"One ought, every day at least, to hear a little song, read a good poem, see a fine picture
and, if possible, speak a few reasonable words." ~Goethe

~ also, if possible, to dwell in "a house where all's accustomed, ceremonious." ~Yeats

Thursday, February 14, 2019

Our Favorite Snowman

STUFFED TOYS, ACCUSTOMED, CEREMONIOUS
Snow Family

In case you are not familiar with the good - natured Snowman pictured above (in sextuplicate!) now is the perfect time to beat the midwinter blues and blahs by acquainting yourself with the delightful animated film, including lovely music by Howard Blake, from which these plush toys are derived. Some viewers prefer the original introduction, featuring the artist / author Raymond Briggs; others like the expanded version by David Bowie. I have never understood why The Snowman is not as popular and widely marketed in the USA as it is in England. I would choose it over Frosty the Snowman any day.

How did I come to possess so many? Well, back when I first mentioned the Snowman on my blog, it never occurred to me that this endearing, puffy stuffed toy, one of our all- time favorite book / movie tie - ins, was soon to become an endangered species, even on good old reliable amazon. My friend Barbara recently recalled purchasing a Snowman exactly like these "at CVS a long time ago!" I remember getting some at Kohl's a few years back, and for a good twenty years (1995 - 2015) I ordered numerous Snowmen from amazon to give as baby presents, such as this well - worn, well - loved one for my brother Aaron's grand-daughter Mia.


Over the holidays, Aaron and I were reminiscing
about a charming old poem from favorite childhood:


His Bunny

Poor, grey bunny --
Once you were white,
But Jimmy drags you all around,
And sleeps with you at night.

He drags you to his sandbox,
And hold you in his crib,
And sits you i his highchair
To use you for a bib.

Poor, grey bunny --
With one eye gone -- how sad --
and one ear slightly turned askew,
But, bunny, aren't you glad

That out of all the things he has,
Of every single toy,
You'd get to be the favorite one
Of such a precious boy!


~ by Marilyn Jean Fais
Aaron wrote: "I showed Lindsey [Mia's mom] the copy of 'Poor Grey Bunny' and told her all she had to do was change 'Bunny' to 'Snowman' and 'boy' to 'girl' and that is 100% Mia. She still carries that Snowman with her everywhere she goes!! Lindsey loved the poem (she actually took a picture of it) and doesn't know what they are going to do if Snowman falls apart before Mia finally outgrows him. They've tried switching him out with a newer one, but Mia wants nothing to do with a 'replacement' Snowman."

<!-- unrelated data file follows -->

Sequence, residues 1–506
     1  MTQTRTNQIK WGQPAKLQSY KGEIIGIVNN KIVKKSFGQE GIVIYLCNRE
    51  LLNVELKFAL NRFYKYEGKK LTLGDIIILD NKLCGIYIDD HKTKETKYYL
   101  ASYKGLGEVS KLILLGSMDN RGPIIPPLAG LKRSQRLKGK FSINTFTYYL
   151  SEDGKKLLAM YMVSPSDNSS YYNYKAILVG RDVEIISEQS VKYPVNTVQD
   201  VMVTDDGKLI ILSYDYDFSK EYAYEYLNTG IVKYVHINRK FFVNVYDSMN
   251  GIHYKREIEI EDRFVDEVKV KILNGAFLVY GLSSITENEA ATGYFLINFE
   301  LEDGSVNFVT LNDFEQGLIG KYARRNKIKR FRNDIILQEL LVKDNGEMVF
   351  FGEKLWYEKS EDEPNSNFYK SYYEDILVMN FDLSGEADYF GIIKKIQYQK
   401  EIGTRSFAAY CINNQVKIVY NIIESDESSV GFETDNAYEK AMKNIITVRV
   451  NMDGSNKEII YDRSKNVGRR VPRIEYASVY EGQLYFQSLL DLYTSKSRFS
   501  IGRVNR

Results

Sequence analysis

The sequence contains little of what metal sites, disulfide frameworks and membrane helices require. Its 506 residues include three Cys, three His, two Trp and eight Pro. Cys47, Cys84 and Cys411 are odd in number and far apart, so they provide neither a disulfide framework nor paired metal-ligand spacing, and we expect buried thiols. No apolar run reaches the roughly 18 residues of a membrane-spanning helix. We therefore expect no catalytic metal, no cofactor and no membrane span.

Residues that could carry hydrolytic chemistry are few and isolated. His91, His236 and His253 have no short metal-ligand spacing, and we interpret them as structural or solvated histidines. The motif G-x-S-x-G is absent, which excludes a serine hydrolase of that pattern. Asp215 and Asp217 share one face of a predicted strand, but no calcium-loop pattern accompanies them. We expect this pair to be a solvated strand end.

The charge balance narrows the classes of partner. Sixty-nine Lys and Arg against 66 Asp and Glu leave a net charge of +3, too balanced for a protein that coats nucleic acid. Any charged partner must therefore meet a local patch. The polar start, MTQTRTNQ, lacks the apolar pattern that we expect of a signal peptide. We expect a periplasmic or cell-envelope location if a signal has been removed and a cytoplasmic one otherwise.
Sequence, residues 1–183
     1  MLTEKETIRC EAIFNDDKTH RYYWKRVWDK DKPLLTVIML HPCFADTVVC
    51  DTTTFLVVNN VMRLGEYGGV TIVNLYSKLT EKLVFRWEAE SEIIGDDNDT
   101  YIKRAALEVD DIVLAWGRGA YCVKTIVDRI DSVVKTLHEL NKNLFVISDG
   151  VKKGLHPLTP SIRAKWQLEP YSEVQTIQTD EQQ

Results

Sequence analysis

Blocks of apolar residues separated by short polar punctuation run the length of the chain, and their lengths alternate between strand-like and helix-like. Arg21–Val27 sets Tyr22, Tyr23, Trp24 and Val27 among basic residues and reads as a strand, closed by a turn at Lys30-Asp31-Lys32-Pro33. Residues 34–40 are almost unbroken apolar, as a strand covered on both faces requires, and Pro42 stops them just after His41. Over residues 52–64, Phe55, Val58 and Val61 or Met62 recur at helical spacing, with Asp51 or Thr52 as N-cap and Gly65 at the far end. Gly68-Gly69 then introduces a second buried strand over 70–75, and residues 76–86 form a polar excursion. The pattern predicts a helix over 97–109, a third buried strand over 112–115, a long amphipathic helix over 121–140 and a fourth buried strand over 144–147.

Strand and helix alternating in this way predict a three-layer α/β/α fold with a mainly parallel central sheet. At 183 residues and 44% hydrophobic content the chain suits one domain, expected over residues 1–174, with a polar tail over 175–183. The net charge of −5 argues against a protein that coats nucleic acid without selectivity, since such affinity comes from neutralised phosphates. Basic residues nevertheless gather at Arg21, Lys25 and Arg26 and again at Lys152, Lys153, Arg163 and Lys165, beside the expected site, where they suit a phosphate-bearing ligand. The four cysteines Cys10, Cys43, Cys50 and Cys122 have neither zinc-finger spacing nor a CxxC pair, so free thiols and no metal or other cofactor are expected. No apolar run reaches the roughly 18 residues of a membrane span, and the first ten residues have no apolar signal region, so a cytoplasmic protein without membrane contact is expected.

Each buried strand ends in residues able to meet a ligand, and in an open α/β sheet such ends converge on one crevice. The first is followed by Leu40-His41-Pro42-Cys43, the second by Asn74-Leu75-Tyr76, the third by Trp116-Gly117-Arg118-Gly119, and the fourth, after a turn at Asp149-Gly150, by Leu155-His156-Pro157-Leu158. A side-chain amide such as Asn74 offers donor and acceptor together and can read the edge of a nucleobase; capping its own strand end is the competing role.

Lindsey said: "That [collection of Snowmen] is awesome! We bought a replacement when Mia was about one year old just in case she lost the original. She wasn’t interested -- I think it’s the different fabric for the scarf and hat. Can you tell he’s loved?!"

Awwwww! Yes, we sure can!

I love the story of Mia and her "poor, grey Snowman." A number of other friends also share with us from time to time that the Snowman we gave them at some point in the past has become a family favorite. I even sent one to my mom so that she could see what it was that dear little Mia was so attached to, and now she keeps him all year round, propped up right beside her television. Then there was the fun year when three of my sweet hair-dressers all had babies around the same time and all received a Snowman for Christmas for their little ones.

Sadly, around that time, the lovely plush Snowman just started disappearing from the market, so I ordered as many as I could find from ebay; most were imported from England, "new with tags," though a couple of them were slightly worn -- still, better than none. Hopefully, new ones will reappear in the stores in the future, but it did not happen this Christmas. No matter what your age, if you ask me, there is no nicer present than a Snowman book, movie, and toy all wrapped up together!

Shopping Spree ~ 2014

Do You Want to Buy a Snowman?
Yes, I do!
But I just don't know where to get one!

P.S.
You can also buy china figurines
and children's breakfast dishes
from Royal Doulton.

SEE YOU IN TWO WEEKS ON MY
Next Fortnightly Post
Thursday, February 28th

Between now and then, read
THE QUOTIDIAN KIT
my shorter, almost daily blog posts
www.dailykitticarriker.blogspot.com

Looking for a good book? Try
KITTI'S LIST
my running list of recent reading
www.kittislist.blogspot.com

Monday, January 28, 2019

Ghost of the Girl in the Pepsi Ad

PEPSI ~ COLA, ACCUSTOMED, CEREMONIOUS

In my post two weeks ago, "Ghost of Myself," I compared two poems -- "i am running into a new year" by Lucille Clifton and "in celebration of surviving" by Chuck Miller -- in which the poets look back on their younger selves, comparing youthful goals and expectations to present - day reality. It was theme that I recalled from the poetry of Larry Levis. I was lucky enough to hear him give a reading years ago, when I was an undergraduate in Missouri. I wrote three of his poems down in my notebook (Fall 1976) and have never forgotten them.

1. First, you may remember this one from a previous blog post:
We'll go on as always harvesting walnuts
on our hands and knees,
and die voicelessly
as a sedan full of cigar smoke
sinking under a bridge.
We'll turn slowly, flowers
in the mouths of drowned cattle
In a dawn of burned fields,
the sun disappoints you,
and the blight you begin to remember
is me.
Like an Alp overlooking a corpse
I explain nothing.

2. Next comes the second half of a poem entitled "Rhododendrons." For the entire poem, check out this essay, and this poetry blog which, like mine, strives to make connections.

Speaking of connections, you can see why I was reminded of my old Larry Levis favorites when reading the hopeful late - night epiphany of Chuck Miller's narrator:

". . . standing in the winter night
emptying the garbage and looking at the stars